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"An Inspector Calls" is a play written by J.B. Priestley in 1945.

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An Inspector Calls "An Inspector Calls" is a play written by J.B. Priestley in 1945. He set the play in 1912 about a family of Capitalists who don't realise how their actions affect other people. In 1954 a film adaptation directed by Guy Hamilton was produced, and subsequently in 1992 a Royal National Theatre production, directed by Stephen Daldry, was created. The themes of the play are related to JB Priestley's own viewpoints as a socialist, so that he can convey his message whoever reads the play. Primarily the main theme of the play is the Capitalists dominance, and their relationship with the Socialists. Other themes of the play include sense of community, male dominance and inequality. I have decided to stage a section of the play from where Eric says "He could laugh his head off- if I knew it really was all a hoax", to the end. My play will be set in the modern day; I have decided to do this as the themes of Capitalist and Labour, inequality and power of the wealthy are still hugely relevant today. Furthermore in doing so the play will attract a greater audience, appealing to the younger generation. I believe if I kept the play set in 1912 the audience would feel that it was massively outdated and many people would soon become disinterested, and consequently neglect the message of the play. The play will be set in a beautiful mansion suggesting the powerful status of the Birling's. ...read more.


Birling, Eric supports her and is not the front figure. His voice is confident and assertive. Gerald is an attractive man who is in his thirties, he is tall and arrogant. His voice is cocky and self-assured. A good example of this is where he says to Sheila, "Everything's all right now, Sheila. What about this ring?" This illustrates that he is overly-confident because despite his affair and everything that has happened he assumes Sheila will still want to marry him. All the men are dressed suits, and the women in dresses. They look sophisticated and modern. All the characters except for Sheila and Eric, speak in a posh accent. Contrastingly Eric and Sheila speak in strong Brumley accents; this is to underline how they become different from the others in learning their lesson, and also for the audience to identify with them as being characters that are normal. At the start of the section I'm staging, the lighting will be a soft blue colour. I feel that the colour blue connotes calm and tranquillity, and here the family and Gerald believe Eva not to be dead and that the inspector was playing a hoax. The family feels as if they have done nothing wrong, suiting the colour of the light. It changes to a harder blue when Gerald decisively says, "We can settle this at once", reason being this is a moment of tension and suspense as they will discover if Eva really committed suicide. ...read more.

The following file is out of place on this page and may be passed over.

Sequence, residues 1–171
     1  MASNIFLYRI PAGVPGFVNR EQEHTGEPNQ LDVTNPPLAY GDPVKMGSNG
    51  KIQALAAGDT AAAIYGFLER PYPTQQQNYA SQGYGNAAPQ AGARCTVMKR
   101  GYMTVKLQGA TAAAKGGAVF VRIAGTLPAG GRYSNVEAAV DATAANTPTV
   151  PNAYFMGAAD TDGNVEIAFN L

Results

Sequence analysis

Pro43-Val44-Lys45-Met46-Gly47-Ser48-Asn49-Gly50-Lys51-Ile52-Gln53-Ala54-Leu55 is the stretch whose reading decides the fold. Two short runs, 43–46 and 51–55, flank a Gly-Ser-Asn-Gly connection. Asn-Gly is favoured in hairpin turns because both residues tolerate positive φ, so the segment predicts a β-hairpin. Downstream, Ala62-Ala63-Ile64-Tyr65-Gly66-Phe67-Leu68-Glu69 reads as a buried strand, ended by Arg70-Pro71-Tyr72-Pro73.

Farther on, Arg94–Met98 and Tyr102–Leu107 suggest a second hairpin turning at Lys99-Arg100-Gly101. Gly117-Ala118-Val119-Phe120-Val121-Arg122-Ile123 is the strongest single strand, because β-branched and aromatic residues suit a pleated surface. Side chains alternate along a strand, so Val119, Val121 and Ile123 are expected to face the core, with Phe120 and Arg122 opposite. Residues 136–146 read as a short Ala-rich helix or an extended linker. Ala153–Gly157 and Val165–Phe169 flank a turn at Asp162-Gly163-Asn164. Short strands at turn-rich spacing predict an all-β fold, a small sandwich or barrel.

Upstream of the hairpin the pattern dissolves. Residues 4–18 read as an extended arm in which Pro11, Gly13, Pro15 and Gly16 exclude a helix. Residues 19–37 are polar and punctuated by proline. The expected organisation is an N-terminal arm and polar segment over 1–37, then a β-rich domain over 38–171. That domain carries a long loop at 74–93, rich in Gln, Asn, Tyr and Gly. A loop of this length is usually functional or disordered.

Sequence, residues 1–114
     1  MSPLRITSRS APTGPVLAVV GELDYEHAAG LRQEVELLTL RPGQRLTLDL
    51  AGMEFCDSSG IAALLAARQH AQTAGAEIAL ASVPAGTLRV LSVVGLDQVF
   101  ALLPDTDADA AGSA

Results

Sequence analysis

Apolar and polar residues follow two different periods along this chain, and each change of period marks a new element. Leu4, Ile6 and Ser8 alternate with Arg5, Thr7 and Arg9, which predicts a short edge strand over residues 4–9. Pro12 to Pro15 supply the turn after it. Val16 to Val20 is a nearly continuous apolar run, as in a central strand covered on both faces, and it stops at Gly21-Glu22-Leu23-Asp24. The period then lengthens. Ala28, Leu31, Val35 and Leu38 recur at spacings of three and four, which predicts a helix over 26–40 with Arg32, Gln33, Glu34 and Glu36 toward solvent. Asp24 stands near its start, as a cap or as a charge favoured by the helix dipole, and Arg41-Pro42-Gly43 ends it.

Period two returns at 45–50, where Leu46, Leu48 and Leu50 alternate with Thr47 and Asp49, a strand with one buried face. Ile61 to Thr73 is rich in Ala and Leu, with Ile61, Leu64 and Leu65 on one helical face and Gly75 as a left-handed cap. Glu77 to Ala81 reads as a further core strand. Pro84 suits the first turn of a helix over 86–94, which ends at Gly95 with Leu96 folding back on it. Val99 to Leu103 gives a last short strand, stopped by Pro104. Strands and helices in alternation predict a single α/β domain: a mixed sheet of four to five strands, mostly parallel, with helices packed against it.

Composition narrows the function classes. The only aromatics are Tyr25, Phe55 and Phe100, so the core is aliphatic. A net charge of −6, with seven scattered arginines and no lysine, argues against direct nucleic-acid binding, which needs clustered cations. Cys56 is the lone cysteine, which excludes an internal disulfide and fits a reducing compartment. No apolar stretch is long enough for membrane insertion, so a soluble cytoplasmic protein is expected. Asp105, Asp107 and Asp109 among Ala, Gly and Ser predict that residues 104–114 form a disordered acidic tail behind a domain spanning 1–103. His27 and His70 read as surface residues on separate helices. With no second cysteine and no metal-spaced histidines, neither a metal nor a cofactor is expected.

In the original text this is where the play ends and the curtains fall as they stare at each other guiltily. However I thought that this ending, although leaving the audience wondering who the inspector was lacked something. I decided that when Birling tells the rest of them the news, Sheila bursts in tears, and Eric goes into an uncontrollable rage. This when he pulls out a gun from inside his jacket, he is crying and points the gun at Mrs. Birling saying, "You didn't care what would happen to my child". He shoots Mrs. Birling and then realising what he has done points the gun at himself and pulls the trigger. Justification for him doing this is in the original text where he is nearly at breaking point when he says to his mother, "You killed her... your own grandchild- you killed them both- damn you..." Also the text says that he almost threateningly says to his mother, "you don't understand anything'. Therefore I don't think it is inconceivable that Eric would do this. Eric shoots himself because he realises what an awful thing he has done and knows he could not live on having done such a thing. The music Love theme from Romeo and Juliet (kissing you) by Des'ree is playing and the lighting is dark. This is to create a truly moving atmosphere, and it should be incredibly sad. Then the curtain drops as you hear Sheila and Mr. Birling scream. I don't think this version would lose the meaning of the play. It would still show all the key themes, as well dramatizing the play for a modern audience. ?? ?? ?? ?? ...read more.

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